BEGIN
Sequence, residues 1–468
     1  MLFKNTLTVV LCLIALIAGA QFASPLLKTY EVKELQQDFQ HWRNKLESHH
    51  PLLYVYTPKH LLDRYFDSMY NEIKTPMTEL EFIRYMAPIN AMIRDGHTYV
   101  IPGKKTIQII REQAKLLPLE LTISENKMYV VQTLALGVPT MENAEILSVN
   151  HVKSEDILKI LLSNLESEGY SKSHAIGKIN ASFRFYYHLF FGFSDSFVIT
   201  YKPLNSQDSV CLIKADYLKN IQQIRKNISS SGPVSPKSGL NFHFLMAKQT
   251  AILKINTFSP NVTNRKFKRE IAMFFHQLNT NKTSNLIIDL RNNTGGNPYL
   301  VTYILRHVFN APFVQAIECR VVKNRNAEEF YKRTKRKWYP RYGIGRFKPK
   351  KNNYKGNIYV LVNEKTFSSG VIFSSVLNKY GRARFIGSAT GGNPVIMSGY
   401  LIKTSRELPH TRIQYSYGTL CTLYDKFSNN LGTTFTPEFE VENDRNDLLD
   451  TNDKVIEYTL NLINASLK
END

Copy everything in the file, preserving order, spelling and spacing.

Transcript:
Sequence, residues 1–468
     1  MLFKNTLTVV LCLIALIAGA QFASPLLKTY EVKELQQDFQ HWRNKLESHH
    51  PLLYVYTPKH LLDRYFDSMY NEIKTPMTEL EFIRYMAPIN AMIRDGHTYV
   101  IPGKKTIQII REQAKLLPLE LTISENKMYV VQTLALGVPT MENAEILSVN
   151  HVKSEDILKI LLSNLESEGY SKSHAIGKIN ASFRFYYHLF FGFSDSFVIT
   201  YKPLNSQDSV CLIKADYLKN IQQIRKNISS SGPVSPKSGL NFHFLMAKQT
   251  AILKINTFSP NVTNRKFKRE IAMFFHQLNT NKTSNLIIDL RNNTGGNPYL
   301  VTYILRHVFN APFVQAIECR VVKNRNAEEF YKRTKRKWYP RYGIGRFKPK
   351  KNNYKGNIYV LVNEKTFSSG VIFSSVLNKY GRARFIGSAT GGNPVIMSGY
   401  LIKTSRELPH TRIQYSYGTL CTLYDKFSNN LGTTFTPEFE VENDRNDLLD
   451  TNDKVIEYTL NLINASLK